Louis Armstrong

By: Greg Rowland
August 4, 2009

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Miles Davis once said that the history of jazz could be summed up by two names: Charlie Parker and LOUIS ARMSTRONG (1901-71). I’d go further, and claim that the ABC of 20th century pop culture are: Armstrong, The Beatles, and Chaplin. Though we know him as “Satchmo,” his fellow jazzers called him “Pops” — which suited him well, because Armstrong was Zeus, the All-Father whose innumerable offspring, musicians whose output ranged from banal to sublime, tumbled in his thunderous wake. Want to hear the grammar of jazz redefined for the solo instrument? Listen to any tracks by Armstrong’s Hot Fives and Sevens. Need convincing that Armstrong defined vocal recording, while also introducing the idea of expressive personality into popular singing? Check out his 1930s “Stardust.” The pillars of the written tune were granite… until Armstrong resculpted them, again and again. He made it possible for us to see, listen, and even think in an entirely new playful/serious and improvisatory way.

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On his or her birthday, HiLobrow irregularly pays tribute to one of our high-, low-, no-, or hilobrow heroes. Also born this date: | Iceberg Slim |

READ MORE about members of the Hardboiled Generation (1894-1903).

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Categories

HiLo Heroes, Jazz, Music

What do you think?

  1. I’m mostly with you but have to quibble–scratch Chaplin and drop in Keaton. He brought much more of the vaudeville roots into film comedy without the sticky sentimentality of Chaplin. And I feel awfully bad leaving Ellington off the list, but if you have to pick three….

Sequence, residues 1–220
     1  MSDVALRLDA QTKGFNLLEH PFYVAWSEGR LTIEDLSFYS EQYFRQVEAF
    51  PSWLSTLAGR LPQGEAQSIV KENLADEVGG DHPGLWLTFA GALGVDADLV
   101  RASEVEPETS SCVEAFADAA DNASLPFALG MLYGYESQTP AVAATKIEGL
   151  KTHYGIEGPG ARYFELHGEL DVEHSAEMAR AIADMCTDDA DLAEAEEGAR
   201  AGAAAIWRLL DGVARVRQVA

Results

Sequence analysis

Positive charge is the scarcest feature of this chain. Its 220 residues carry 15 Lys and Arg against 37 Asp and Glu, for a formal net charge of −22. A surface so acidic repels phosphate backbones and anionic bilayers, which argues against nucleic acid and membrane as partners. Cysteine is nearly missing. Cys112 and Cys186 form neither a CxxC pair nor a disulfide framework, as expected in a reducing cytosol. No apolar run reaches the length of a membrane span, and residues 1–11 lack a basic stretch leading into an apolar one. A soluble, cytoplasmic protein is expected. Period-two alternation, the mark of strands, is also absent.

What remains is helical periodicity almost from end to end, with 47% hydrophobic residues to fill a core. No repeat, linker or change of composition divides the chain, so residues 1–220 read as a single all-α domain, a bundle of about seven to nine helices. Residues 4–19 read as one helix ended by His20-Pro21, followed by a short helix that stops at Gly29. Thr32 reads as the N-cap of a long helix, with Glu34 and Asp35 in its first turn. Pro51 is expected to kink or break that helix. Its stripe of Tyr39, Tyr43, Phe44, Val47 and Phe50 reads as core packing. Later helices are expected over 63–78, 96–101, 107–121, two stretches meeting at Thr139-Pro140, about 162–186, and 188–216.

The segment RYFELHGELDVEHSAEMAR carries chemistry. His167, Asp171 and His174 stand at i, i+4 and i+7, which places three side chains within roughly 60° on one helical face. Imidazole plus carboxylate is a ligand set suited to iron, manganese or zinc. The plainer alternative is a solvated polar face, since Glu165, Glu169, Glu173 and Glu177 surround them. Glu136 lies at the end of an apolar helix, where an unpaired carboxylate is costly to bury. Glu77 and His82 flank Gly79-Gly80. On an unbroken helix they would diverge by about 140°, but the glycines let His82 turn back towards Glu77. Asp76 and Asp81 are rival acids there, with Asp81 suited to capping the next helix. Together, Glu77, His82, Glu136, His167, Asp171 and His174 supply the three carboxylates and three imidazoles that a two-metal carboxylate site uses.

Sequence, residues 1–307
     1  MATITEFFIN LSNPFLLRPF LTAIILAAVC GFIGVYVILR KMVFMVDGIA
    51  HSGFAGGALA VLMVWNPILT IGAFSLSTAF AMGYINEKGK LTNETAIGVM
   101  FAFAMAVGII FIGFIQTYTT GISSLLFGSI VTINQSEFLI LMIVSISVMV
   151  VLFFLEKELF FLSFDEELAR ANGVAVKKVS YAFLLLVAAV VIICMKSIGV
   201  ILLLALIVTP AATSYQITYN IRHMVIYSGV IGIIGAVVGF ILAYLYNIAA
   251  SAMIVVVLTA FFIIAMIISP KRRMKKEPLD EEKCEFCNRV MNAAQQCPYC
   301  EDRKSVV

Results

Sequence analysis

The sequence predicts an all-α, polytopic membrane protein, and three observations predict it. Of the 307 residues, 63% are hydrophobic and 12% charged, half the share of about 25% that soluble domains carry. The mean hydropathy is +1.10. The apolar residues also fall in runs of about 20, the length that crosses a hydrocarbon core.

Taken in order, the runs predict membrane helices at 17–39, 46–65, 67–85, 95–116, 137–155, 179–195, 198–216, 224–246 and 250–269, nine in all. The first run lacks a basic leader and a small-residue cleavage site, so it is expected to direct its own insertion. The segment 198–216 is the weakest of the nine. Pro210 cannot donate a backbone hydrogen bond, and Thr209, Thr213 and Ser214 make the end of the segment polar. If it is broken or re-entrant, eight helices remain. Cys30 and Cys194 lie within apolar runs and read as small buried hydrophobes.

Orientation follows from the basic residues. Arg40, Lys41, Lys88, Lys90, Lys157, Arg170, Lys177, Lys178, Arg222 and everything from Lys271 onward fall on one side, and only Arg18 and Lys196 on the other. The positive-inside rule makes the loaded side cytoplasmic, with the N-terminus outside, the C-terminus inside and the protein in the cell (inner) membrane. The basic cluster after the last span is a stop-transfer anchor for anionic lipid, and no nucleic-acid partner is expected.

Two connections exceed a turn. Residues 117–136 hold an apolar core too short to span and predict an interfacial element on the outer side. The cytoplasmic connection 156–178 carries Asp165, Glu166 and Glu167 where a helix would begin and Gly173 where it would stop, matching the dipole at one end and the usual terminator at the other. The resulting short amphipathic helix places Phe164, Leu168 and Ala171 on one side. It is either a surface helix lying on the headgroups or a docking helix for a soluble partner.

2. Thanks Joe — but ‘Keaton’ doesn’t begin with a convenient letter!

    However, I still think we have to give Chaplin the prize, as the world’s first super-star in the age of mechanical reproduction, and a great innovator in terms of narrative and film technique. Keaton was the probably the world’s best ever physical gag-man but you unfairly characterize Charlie as merely a purveyor of late Victorian shmaltz. Watch ‘The Circus’ or other pre- ‘The Kid’ four-reelers. (Yet we could argue that the introduction of that kind of sentimentality was a key development in Hollywood’s imaginary USA, whether we like it or not…)

    Chaplin’s influence is broader, Keaton’s is more refined, more focused, ‘cooler’ — this I will give you.

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